THE first successful surgical attack on a subdiaphragmatic abscess was performed by Von Volkman in 1879.1 The subject then remained in relative obscurity until 1908 when Barnard delivered his treatise on the surgical aspects of subphrenic abscess.2 In it he defined subphrenic abscess as "any localized collection of pus which is in contact with the under surface of the diaphragm."
He depicted the coronary ligaments as suspending the liver from the dome of the diaphragm and dividing the subdiaphragmatic space into six compartments. Until recently all major papers on the subject accepted this anatomical division and defined the subphrenic space as that area from the diaphragm to the transverse mesocolon.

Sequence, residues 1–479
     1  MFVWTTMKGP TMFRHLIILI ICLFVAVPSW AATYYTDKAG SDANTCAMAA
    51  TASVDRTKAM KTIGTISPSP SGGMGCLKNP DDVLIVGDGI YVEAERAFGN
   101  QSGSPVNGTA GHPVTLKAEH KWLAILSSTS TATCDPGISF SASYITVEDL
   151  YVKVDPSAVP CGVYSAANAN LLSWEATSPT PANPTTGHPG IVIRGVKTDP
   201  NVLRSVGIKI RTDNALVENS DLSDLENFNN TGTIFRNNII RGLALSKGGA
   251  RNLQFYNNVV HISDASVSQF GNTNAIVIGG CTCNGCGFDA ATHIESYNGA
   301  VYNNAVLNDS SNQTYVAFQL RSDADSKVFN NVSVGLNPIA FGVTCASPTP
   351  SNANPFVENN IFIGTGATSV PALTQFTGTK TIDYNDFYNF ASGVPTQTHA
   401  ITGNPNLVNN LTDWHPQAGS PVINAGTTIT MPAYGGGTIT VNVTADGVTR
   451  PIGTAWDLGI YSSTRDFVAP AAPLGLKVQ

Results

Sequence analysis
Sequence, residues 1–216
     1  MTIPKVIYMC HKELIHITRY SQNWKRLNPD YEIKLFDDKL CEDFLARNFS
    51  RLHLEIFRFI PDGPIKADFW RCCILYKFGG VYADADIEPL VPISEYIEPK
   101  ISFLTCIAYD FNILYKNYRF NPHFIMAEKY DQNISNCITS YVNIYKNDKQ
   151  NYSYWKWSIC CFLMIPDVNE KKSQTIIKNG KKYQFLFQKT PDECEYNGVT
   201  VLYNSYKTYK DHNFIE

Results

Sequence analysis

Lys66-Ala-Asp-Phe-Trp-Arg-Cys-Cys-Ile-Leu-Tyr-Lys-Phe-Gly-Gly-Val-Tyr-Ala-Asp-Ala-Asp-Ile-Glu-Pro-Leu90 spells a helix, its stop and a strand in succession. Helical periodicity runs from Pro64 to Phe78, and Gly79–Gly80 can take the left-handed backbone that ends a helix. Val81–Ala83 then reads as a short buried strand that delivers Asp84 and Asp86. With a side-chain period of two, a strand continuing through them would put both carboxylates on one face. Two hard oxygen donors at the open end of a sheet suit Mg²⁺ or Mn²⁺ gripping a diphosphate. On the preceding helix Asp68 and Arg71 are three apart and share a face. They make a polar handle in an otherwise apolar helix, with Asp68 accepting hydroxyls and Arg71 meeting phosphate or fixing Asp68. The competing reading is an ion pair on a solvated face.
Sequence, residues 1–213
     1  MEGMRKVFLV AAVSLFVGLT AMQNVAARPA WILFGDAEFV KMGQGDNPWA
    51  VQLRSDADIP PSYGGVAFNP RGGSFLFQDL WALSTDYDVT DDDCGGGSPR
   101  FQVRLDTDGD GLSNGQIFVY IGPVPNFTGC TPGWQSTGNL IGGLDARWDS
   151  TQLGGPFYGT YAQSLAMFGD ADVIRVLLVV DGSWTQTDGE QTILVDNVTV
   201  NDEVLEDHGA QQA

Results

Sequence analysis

More recently, Boyd,3-5 Moore,6 and Carter and Brewer1 have stressed the fact that the coronary ligaments suspend the liver from the posterior abdominal wall. As have a few others in the past,7-12 they state